MCCAIN: I believe that the “Christian Right” has a major role to play in the Republican Party. One reason is because they’re so active and their followers are. […]
RUSSERT: Do you believe that Jerry Falwell is still an agent of intolerance?
MCCAIN: No, I don’t.
Russert’s choice of the phrase “agent of intolerance” was quite deliberate, because that’s what McCain called Falwell back in 2000:
"Neither party should be defined by pandering to the outer reaches of American politics and the agents of intolerance, whether they be Louis Farrakhan or Al Sharpton on the left, or Pat Robertson and Jerry Falwell on the right."
McCain is clearly no longer a “maverick” within the GOP, but simply another potential candidate grubbing for wingnut endorsements. Cenk Uygur details McCain’s transition to the dark side, and refers to his nascent 2008 campaign as the “Sell-Out Express.” Uygur notes:
I voted for John McCain in the 2000 Republican primaries. I thought he would have made an excellent president. I was proud to support this American hero and rare courageous politician.
So, it is with profound disappointment that I say that we have lost John McCain. He has become what he warned us against. He has turned into a pandering politician who will stop at nothing to get elected.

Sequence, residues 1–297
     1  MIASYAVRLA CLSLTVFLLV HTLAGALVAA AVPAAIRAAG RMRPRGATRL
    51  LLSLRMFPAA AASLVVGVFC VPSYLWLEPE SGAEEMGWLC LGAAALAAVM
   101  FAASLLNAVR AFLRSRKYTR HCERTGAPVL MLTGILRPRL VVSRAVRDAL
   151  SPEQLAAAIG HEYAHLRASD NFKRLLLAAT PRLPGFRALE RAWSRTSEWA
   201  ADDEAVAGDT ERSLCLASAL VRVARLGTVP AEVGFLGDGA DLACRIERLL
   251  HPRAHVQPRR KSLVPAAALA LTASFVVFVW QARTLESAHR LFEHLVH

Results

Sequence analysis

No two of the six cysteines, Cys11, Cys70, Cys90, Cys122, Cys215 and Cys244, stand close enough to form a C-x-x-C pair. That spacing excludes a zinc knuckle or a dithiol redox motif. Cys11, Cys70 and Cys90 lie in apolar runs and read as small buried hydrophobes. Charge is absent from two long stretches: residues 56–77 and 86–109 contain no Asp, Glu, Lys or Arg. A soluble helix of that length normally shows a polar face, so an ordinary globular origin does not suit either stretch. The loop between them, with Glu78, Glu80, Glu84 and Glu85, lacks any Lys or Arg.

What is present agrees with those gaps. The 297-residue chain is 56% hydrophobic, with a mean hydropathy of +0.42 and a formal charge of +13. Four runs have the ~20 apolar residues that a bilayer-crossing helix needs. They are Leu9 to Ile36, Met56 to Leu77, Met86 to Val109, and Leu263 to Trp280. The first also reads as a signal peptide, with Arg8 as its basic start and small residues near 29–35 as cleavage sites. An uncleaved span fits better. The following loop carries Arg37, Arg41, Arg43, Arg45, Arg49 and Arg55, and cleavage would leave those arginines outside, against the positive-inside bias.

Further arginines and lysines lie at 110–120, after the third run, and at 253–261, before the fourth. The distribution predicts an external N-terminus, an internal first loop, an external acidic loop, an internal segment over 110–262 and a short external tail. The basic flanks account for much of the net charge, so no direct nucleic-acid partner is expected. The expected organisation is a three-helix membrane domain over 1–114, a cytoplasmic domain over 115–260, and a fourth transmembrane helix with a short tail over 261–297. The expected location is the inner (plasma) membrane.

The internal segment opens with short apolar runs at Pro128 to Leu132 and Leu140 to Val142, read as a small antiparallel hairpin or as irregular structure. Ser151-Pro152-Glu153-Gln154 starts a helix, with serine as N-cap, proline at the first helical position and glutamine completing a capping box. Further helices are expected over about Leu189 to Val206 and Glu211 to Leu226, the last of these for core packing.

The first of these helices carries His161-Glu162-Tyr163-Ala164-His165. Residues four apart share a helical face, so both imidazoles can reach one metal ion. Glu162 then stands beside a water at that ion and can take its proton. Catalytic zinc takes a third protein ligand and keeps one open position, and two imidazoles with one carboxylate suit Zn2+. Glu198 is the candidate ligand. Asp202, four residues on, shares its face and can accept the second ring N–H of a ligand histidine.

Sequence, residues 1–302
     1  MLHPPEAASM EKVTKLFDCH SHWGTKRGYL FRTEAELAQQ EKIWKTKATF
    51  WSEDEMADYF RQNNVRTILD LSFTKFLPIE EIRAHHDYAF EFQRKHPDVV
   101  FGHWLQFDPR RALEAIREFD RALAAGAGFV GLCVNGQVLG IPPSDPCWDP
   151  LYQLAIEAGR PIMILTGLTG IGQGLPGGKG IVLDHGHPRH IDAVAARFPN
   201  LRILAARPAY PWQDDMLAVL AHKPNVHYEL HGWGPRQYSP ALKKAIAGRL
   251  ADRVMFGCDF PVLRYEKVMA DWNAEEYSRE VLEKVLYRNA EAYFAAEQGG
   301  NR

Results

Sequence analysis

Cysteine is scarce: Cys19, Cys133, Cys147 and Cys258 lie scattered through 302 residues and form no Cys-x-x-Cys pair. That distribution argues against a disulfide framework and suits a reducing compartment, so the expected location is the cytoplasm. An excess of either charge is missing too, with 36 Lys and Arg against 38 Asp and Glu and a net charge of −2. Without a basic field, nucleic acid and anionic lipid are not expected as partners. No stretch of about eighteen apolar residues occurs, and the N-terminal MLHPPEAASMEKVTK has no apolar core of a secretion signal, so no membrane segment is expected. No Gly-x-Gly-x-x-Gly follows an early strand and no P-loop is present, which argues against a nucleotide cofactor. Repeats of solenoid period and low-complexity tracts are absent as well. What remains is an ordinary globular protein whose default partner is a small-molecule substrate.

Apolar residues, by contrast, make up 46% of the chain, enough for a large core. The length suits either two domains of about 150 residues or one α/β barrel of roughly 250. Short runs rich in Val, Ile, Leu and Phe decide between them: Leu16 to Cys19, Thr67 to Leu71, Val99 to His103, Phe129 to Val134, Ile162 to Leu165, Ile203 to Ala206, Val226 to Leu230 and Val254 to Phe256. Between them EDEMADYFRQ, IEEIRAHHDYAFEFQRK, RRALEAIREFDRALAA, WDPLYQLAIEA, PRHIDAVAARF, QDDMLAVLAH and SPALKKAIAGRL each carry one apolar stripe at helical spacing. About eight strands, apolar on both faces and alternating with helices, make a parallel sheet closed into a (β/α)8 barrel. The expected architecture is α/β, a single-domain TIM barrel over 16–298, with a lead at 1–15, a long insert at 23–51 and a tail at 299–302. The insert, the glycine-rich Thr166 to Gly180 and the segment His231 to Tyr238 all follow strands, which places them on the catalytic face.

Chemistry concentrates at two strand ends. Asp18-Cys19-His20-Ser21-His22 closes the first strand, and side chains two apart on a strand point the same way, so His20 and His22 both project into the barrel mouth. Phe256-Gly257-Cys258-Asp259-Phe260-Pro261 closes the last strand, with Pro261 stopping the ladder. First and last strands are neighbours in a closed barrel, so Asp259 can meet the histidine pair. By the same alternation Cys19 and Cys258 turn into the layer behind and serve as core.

What a disappointment, indeed.
update (4/4, 8:57AM):
In “The Tragic Irony of John McCain's Faustian Bargain,” Arianna Huffington lays down her bona fides:
I come here not to condemn John McCain but to weep for him.
Watching a true American hero hang a For Sale sign on his principles is a profoundly sad thing. Especially for me.
I've long admired, respected -- indeed loved -- John McCain. I've written many columns about him citing his courage and integrity, traveled with him on the Straight Talk Express, been to his home and met his wonderful family, and introduced him as the keynote speaker at the 2000 Shadow Convention I helped organize by calling him "the most prominent voice for reform within the political system." In fact, I am still on the advisory committee of his Reform Institute.
Even though we've frequently disagreed on issues, I have always been impressed with the unfailingly above-board way he has navigated the often choppy waters of political leadership. Until now.
It's worse than a Faustian bargain. At least Faust got what he desired in exchange for his soul. McCain, in giving up the core of who he is -- as a man and as a leader -- may actually be destroying his chances of getting what he so desires.
The saddest thing is not how McCain has betrayed us -- it's how he has betrayed himself.